Sunday, May 15, 2011

Underrated Movie #116: The Small Back Room

Title: The Small Back Room
Year: 1949
Directors: Michael Powell and Emeric Pressburger
Writers: Powell and Pressburger, based on the novel by Nigel Balchin
Stars: David Farrar, Kathleen Byron, Jack Hawkins, Michael Gough

The Story: A brilliant, wounded scientist does what he can to continue the fight from the homefront as one of the vaunted “back-room boys”. Along the way, he tries to avoid being overwhelmed by petty inter-office politics and his own personal bitterness. Things come to a head when he becomes obsessed with defusing a deadly new type of booby-trapped bomb.

How it Came to be Underrated: All of Powell’s movies (with or without Pressburger) were underrated for years. Most of them have been gradually re-discovered recently, but this one has still fallen through the cracks, unknown even by many of Powell’s fans.

Why It’s Great:

  1. This is one of the best movies ever made about the day-to-day struggles in the lives of scientists. In one scene, they hear that the minister is coming by so they mock up a phony bubbling-beaker experiment to make it look like they’re “doing science,” since there’s nothing that looks worse than a room full of well-paid people sitting around just thinking.
  2. During wartime, Powell and Pressburger made lots of thrilling “we can do it” war movies to help the effort. It’s shocking to see them revisit the same events after the war with a far more jaundiced eye. Farrar’s increasing desperation to have a drink to dull the pain of his wound allows their more expressionistic side to come out.
  3. Two great ways to juice up a scene: (1) Two mature adults agree to keep the peace by not talking about something, then someone immature comes in the room and that’s all they want to talk about. (2) An endlessly-ringing phone that the characters refuse to answer. We’ve all felt the urge to not answer, but we all know how it unbearable it becomes after too long. For the most part, voicemail has taken this wonderful cinematic device from us.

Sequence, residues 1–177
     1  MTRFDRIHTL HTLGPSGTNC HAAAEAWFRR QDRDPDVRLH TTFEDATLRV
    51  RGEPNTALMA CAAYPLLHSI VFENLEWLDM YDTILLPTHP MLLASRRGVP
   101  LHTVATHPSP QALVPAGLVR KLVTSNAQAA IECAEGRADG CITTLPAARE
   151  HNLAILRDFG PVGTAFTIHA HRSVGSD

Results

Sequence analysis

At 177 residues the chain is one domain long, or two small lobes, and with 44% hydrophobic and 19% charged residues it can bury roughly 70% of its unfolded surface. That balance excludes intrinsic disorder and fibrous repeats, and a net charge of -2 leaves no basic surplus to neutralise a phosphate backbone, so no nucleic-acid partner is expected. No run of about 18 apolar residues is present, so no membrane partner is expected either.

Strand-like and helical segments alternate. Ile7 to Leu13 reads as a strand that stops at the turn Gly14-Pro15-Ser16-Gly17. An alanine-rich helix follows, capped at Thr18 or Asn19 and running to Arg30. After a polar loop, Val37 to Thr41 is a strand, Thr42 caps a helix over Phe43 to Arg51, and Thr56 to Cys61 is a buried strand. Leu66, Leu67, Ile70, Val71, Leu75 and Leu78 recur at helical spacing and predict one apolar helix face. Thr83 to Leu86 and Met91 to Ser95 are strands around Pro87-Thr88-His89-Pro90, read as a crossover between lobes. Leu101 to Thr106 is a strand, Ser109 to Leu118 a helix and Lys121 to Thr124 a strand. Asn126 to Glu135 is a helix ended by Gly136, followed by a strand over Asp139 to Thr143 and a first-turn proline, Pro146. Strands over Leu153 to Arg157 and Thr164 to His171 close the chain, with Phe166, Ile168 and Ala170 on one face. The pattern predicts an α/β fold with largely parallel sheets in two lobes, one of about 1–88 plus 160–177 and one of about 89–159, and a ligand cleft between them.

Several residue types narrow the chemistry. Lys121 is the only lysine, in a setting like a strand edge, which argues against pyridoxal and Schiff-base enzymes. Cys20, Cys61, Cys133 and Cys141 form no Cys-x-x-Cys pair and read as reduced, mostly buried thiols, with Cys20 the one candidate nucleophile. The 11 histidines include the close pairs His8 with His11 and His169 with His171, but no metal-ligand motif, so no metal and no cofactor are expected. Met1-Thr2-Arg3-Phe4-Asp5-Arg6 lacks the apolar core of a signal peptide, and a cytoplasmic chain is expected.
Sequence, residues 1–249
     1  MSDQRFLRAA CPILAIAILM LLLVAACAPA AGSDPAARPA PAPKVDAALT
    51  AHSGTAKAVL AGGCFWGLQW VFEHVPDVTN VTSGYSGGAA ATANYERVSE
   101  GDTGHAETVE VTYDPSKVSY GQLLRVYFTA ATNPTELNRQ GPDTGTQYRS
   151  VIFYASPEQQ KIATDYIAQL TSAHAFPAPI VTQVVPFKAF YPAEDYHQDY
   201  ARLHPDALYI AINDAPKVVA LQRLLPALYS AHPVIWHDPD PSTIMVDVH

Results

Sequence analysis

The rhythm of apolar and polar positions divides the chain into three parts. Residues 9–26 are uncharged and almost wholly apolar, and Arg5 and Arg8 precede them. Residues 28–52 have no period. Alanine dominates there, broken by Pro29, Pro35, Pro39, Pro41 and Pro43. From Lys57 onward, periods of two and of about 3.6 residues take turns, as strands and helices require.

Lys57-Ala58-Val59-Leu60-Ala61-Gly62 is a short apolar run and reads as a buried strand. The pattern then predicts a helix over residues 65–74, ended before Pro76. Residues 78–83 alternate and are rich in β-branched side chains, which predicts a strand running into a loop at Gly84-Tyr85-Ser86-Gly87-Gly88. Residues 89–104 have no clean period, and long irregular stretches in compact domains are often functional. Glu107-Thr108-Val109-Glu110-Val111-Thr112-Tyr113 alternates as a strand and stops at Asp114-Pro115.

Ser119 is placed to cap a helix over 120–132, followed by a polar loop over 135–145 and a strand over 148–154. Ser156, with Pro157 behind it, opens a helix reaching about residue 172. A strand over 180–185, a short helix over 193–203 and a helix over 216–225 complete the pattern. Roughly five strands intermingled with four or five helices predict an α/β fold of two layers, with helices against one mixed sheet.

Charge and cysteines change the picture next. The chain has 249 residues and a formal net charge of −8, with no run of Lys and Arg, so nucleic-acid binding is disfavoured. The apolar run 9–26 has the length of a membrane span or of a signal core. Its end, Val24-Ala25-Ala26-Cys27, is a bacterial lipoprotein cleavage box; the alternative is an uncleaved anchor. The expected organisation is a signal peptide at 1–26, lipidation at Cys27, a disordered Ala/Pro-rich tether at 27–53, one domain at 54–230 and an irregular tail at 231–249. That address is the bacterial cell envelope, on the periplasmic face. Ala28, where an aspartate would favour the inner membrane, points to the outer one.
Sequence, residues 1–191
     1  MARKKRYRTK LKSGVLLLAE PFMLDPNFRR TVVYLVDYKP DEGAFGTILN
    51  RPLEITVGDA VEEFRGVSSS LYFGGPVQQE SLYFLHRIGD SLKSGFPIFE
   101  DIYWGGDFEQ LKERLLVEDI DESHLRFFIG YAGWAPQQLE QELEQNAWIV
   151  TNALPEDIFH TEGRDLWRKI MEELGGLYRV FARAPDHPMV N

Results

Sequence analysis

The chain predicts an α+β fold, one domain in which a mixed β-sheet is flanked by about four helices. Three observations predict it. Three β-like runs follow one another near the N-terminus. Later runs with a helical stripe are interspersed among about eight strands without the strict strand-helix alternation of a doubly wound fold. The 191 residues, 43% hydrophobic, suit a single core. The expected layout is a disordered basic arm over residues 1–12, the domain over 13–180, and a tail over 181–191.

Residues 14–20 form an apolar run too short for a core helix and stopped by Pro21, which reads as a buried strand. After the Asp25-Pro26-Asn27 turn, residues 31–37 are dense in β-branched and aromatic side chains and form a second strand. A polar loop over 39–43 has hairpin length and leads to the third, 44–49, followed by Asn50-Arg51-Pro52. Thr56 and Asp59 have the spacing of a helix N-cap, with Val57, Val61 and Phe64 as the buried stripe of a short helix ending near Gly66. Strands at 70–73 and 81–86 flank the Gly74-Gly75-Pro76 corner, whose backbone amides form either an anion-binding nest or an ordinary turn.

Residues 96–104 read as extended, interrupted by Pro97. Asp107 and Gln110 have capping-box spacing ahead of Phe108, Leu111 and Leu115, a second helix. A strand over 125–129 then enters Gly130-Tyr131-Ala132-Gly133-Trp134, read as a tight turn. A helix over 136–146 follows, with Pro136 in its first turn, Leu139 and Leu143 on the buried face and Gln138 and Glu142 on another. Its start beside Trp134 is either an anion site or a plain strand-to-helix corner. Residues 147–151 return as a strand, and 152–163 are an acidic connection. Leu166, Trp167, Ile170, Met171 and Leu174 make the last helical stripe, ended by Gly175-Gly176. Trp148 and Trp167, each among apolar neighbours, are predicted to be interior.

4. Whenever I see a movie that re-unites the stars of another movie I can’t help but imagine that it’s the same two characters who have moved on to very different lives, which would mean that Farrar and Byron, before they became a secretary and a scientist, had a secret history as a crazy nun and a randy mountain-man in the Himalayas (as seen in Black Narcissus).

If You Like This, You Should Also Check Out: You can find more addiction-cursed post-war blues in Billy Wilder’s The Long Weekend and Nick Ray’s Bigger Than Life.

How Available Is It?: It’s got a nice Criterion DVD with an excellent commentary by a veddy-British film historian.

Today’s Post Was Brought To You By: This Nazi Family!

2 comments:

j.s. said...

Love that example of setting up the equipment to look as if they're doing something because you can't see thinking. A kind of meta-lesson in how to tell film stories too.

Some of the addiction scenes and hallucinations are a bit OTT for me. I think about the other two films you mention all the time though. In THE LOST WEEKEND it's the passage of time dissolve of shot-glass water rings on the bar. And for BIGGER THAN LIFE it's the whole dang film, Ray's masterpiece. A thoroughly weird auteur version of the kind of topical magazine-y issue drama that only gets made by Lifetime nowadays. One of the very rare films I've ever seen that has the guts to take its story even further than you think it will, right up to the edge.

Matt Bird said...

Sure, I agree that a few of the hallucination shots are a little over the top, but I just chalk that up to Powell's appealing oddness.